A 'double fault' in one gene could lead to severe obsessive compulsive disorder, scientists suggest.
Many people with OCD wash their hands compulsively
People with OCD tend to repeat certain behaviours such as handwashing or cleaning.
Researchers from the US National Institute of Mental Health carried out the study which they say could lead to more treatments for the illness.
It is believed that OCD is linked to low levels of serotonin in the brain and that it may run in families.
DNA from 170 people, including 30 each with OCD, eating disorders and seasonal affective disorder plus 80 healthy people, was analysed by scientists.
They were looking for variations in the human serotonin transporter gene (hSERT) which controls the movement of the chemical between nerve cells in the brain.
Six out of seven of the people in two separate families who had one gene mutation had OCD.
Some also had anorexia nervosa, Asperger's syndrome, social phobia, tic disorder, and abused alcohol or other substances.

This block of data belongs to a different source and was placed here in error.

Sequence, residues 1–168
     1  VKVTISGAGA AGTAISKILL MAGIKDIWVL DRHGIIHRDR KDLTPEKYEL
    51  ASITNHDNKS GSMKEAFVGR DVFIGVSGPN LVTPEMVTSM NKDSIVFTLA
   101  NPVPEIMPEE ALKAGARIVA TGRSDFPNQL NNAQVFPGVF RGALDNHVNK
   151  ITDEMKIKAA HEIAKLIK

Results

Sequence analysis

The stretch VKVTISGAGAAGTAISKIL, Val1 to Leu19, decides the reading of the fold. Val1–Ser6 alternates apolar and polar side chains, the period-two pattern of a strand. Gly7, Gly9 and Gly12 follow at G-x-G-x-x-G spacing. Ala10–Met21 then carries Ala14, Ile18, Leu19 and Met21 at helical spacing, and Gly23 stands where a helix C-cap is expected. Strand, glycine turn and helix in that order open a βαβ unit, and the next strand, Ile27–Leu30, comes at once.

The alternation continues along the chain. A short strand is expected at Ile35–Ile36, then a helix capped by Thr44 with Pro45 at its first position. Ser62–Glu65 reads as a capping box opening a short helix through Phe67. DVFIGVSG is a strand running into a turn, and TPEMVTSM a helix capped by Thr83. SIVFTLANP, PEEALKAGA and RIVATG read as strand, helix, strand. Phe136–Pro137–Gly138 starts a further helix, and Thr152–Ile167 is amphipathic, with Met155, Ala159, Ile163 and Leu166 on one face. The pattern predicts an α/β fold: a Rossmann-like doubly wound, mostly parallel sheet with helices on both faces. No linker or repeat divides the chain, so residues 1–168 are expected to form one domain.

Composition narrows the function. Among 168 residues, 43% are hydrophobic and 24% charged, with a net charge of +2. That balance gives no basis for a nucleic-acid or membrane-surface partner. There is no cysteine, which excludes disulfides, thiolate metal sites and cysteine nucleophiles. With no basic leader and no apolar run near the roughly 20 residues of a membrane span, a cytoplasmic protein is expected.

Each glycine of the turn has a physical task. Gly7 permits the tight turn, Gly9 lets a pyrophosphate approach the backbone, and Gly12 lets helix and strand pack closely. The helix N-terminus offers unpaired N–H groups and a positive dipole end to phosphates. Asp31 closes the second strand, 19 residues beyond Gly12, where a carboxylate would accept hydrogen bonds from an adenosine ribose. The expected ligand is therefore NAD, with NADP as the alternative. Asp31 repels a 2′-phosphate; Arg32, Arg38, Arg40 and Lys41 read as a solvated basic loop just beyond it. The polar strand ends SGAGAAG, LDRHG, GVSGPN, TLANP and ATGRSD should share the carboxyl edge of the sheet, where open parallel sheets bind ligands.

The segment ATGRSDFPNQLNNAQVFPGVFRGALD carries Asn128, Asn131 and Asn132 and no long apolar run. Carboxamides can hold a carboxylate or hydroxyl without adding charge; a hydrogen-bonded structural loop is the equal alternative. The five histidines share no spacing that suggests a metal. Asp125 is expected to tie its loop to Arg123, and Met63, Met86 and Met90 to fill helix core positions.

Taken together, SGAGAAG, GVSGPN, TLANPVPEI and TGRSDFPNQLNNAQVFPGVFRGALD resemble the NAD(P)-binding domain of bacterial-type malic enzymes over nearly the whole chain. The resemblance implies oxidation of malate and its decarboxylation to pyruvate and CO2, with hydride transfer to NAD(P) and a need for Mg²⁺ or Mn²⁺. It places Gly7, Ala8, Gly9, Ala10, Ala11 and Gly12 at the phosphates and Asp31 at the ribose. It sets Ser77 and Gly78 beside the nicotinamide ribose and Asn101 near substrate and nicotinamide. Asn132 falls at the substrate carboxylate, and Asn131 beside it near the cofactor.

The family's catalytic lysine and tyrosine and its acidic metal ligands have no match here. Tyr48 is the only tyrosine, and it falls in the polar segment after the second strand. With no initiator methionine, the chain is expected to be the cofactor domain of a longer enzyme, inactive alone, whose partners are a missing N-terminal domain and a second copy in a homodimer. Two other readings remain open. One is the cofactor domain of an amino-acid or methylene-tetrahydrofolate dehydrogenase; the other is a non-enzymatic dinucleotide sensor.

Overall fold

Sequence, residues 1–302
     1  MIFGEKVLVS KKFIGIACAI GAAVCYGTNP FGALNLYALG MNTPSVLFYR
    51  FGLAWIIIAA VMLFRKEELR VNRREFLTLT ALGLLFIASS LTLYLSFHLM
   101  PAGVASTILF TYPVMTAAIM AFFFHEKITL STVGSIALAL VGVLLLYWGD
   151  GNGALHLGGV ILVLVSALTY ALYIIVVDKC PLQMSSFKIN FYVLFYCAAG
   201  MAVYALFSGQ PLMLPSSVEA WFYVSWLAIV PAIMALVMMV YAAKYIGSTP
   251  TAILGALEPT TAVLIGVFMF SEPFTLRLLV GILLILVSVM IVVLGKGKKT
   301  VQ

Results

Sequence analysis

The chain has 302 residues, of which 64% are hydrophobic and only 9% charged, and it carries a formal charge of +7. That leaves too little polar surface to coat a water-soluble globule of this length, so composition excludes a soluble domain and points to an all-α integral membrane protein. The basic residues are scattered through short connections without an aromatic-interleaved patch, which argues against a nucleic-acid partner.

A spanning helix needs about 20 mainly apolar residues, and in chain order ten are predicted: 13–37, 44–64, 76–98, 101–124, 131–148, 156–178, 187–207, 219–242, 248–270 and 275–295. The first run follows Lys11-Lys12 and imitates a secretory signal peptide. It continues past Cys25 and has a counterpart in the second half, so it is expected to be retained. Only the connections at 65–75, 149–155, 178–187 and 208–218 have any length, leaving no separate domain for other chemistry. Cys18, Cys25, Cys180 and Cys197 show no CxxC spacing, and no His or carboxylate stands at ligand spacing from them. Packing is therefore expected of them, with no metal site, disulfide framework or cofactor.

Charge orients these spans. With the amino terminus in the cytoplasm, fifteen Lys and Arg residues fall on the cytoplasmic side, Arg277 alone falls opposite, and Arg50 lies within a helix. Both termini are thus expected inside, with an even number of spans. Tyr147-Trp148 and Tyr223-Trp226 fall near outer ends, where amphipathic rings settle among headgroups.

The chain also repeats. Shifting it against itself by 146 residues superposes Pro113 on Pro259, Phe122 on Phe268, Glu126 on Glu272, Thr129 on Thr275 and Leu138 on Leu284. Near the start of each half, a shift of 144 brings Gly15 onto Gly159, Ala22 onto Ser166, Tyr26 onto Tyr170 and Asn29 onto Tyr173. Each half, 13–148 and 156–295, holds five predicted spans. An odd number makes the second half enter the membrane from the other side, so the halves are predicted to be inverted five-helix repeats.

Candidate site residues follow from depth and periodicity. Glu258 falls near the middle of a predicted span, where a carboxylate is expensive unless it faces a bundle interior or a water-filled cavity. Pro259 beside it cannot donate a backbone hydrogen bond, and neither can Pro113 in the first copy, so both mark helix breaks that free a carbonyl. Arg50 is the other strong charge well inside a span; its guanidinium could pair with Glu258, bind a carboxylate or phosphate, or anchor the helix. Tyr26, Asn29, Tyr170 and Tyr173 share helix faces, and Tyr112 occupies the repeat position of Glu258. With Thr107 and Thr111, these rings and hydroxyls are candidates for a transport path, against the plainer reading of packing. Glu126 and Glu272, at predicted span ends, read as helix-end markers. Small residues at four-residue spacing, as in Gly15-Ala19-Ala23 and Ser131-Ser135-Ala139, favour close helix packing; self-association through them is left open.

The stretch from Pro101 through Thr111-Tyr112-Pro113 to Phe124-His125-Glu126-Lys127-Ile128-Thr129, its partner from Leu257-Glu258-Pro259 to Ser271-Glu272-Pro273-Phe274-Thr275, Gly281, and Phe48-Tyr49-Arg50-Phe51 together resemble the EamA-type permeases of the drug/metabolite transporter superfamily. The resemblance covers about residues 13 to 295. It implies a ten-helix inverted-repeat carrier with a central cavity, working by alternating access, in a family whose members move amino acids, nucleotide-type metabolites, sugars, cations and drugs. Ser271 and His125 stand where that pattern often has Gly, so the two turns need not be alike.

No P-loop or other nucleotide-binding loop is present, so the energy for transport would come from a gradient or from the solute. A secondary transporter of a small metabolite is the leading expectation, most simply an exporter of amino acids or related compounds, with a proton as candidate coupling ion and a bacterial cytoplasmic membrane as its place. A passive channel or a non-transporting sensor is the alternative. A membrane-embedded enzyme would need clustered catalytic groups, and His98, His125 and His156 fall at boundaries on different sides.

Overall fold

The four people who had the most severe symptoms also had a second mutation in the same gene.
Dr Dennis Murphy, who led the research: "In all of molecular medicine, there are few known instances where two variants within one gene have been found to alter the expression and regulation of the gene in a way that appears associated with symptoms of a disorder.
"This step forward gives us a glimpse of the complications ahead in studying the genetic complexity of neuropsychiatric disorders."
Dr Thomas Insel, director of the National Institute of Mental Health, said: "This is a new model for neuropsychiatric genetics, the concept of two or maybe more within-gene modifications being important in each affected individual."
Some people with OCD are treated with drugs that reduce the binding of serotonin to transporters such as selective serotonin reuptake inhibitors, (SSRIs), but the researchers say people with the hSERT gene defect do not seem to respond to them.
Dr Naomi Fineberg, a consultant psychiatrist who specialises in treating OCD at Queen Elizabeth II Hospital in Welwyn Garden City, told BBC News Online: "This research is potentially extremely exciting, although it needs to be replicated in larger studies.
"It focuses attention on genetic causes of OCD, and we think it is a genetic illness."
But she said much more research was needed to determine if these genetic faults were directly linked to the condition - or were just coincidence.
The research was published in the journal Molecular Psychiatry.